Unhinged is the second book in the Splintered trilogy by author A.G. Howard. It follows Alice Liddell's, the original Alice in Wonderland's, great-great-great granddaughter, Alyssa Gardener, and her adventures in Howard's re-envisioning of that down the rabbithole world. In Howard's mind Wonderland's true face is even darker and most definitely creepier.
Did I want to give this book 5 out of 5 stars? Yes. Did I? No. If Unhinged had been entirely like the second half of the book, I would have stamped five golden stars on the cover and ran down the street, barefoot in the snow, proclaiming it's five star worthiness. However, the first half of the book reads as a good YA, entertaining and satisfying, like any other good YA; the kind I give three stars to. I struggled with the fact that the second half of the book was so image delicious I wanted to roll around in her words, like a cat in catnip. That is why I didn't review it while I was still mentally in Howardland. My conclusion was to give it the rating between the two halfs. Don't fret though, Alyssa, Jeb, and Morpheus lovers, my four stars are like most YA readers' fives.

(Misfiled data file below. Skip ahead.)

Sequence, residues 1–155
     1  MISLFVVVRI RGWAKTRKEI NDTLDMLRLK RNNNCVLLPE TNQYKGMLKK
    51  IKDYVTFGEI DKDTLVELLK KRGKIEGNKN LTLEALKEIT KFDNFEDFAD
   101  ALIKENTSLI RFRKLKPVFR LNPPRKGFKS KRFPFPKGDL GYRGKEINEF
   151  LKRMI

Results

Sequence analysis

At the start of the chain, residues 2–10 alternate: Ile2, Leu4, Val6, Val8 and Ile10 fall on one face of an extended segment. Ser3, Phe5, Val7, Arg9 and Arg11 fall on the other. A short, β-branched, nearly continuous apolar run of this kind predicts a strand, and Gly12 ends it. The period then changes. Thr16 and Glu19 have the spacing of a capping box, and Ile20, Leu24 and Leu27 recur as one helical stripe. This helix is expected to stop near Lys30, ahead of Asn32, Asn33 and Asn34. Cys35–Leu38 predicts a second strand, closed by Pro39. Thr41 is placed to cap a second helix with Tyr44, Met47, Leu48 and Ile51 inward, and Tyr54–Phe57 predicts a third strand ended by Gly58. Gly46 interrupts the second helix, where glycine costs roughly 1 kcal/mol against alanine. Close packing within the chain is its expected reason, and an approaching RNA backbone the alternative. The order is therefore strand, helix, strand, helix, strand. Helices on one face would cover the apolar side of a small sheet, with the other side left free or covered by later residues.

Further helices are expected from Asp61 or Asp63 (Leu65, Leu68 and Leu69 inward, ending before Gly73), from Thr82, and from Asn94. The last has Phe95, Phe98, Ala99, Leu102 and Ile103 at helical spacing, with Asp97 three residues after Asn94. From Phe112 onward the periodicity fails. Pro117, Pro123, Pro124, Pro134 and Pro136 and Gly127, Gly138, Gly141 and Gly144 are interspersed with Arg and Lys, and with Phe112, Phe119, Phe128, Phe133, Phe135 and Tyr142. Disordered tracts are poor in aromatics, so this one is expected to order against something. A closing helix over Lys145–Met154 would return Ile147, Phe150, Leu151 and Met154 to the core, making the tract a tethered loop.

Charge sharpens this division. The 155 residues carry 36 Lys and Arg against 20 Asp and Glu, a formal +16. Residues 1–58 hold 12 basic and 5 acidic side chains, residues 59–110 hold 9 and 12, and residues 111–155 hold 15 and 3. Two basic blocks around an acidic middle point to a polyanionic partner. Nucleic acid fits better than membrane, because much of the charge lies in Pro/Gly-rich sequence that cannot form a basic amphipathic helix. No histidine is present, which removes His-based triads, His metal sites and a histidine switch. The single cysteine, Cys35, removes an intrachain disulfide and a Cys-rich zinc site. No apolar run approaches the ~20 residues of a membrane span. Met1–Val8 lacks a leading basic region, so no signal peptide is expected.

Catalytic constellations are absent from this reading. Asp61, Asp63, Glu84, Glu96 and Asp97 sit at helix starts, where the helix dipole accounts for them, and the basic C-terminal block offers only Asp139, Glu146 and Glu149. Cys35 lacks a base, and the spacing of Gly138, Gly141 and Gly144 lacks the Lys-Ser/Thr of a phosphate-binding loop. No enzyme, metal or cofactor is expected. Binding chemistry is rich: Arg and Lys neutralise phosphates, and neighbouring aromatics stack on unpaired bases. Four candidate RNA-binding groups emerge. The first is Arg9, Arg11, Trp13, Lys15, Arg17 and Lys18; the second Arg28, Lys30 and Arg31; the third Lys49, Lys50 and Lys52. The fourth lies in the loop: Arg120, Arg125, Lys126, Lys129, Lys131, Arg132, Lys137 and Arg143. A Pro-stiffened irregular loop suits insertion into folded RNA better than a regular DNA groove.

Do I ever give YA books five stars? Yes, rarely, but I do. The novels I have given five stars usually have little, or no, mention of fashion, cell phones, cars, eye make up and nail colors, though. I realize those things have become a staple in YA, to appeal to the teens and young adults, but when it detracts from the real storywriting it makes me sad.
One very bright spot in the first half of the book was a flashback to Alyssa's chilhood wanderings with her netherling pal Morpheus, in Wonderland, when she was five years old. The little "story within a story" was fabulous, worthy of being expanded into a full children's chapter book or middle grade novel. *Since this review was published A.G. Howard has hinted to a novella of this subject.
One thing I look for in a great sequel is that it makes me want to re-read the previous book(s), and Unhinged did just that. It even made me want to re-read the side novella,
Moth in the Mirror.
Also, Howard served up her delightful buffet of unusual vocabulary words. I had an ARC and I do so hope they leave in the description that used the term "sluiced"! I wish there had been more wonderland "things" in the first half chapters, and shorter descriptions of clothing, devices, conveyances, and beauty enhancements. This would have made room for more of Howard's skilled word weavings and brilliant imaginings.
Moth in the Mirror.
You can read review of Splintered, HERE.